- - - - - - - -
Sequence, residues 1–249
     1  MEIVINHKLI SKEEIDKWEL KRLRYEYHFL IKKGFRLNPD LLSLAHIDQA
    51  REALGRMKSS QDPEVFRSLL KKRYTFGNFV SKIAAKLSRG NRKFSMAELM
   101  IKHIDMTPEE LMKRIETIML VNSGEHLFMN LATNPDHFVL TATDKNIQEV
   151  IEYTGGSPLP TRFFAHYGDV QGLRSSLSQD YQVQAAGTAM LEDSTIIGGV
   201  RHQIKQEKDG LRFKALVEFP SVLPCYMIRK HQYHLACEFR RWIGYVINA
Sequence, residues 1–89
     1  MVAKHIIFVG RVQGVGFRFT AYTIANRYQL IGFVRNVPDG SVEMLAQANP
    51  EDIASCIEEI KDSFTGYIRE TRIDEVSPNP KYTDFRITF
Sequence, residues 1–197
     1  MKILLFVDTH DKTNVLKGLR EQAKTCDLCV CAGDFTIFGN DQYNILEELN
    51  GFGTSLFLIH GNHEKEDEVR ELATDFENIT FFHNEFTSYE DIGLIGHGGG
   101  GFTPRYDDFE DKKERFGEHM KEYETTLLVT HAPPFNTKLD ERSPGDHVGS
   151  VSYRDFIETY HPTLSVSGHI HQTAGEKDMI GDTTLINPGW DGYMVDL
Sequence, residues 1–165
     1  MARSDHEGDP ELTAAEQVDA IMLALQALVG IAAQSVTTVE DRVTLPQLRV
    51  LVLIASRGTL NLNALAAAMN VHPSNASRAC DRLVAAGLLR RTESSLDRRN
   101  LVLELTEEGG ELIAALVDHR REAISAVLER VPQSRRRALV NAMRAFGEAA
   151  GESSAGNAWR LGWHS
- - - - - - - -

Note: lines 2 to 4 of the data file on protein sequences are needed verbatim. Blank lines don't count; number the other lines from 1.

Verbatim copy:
     1  MEIVINHKLI SKEEIDKWEL KRLRYEYHFL IKKGFRLNPD LLSLAHIDQA
    51  REALGRMKSS QDPEVFRSLL KKRYTFGNFV SKIAAKLSRG NRKFSMAELM
   101  IKHIDMTPEE LMKRIETIML VNSGEHLFMN LATNPDHFVL TATDKNIQEV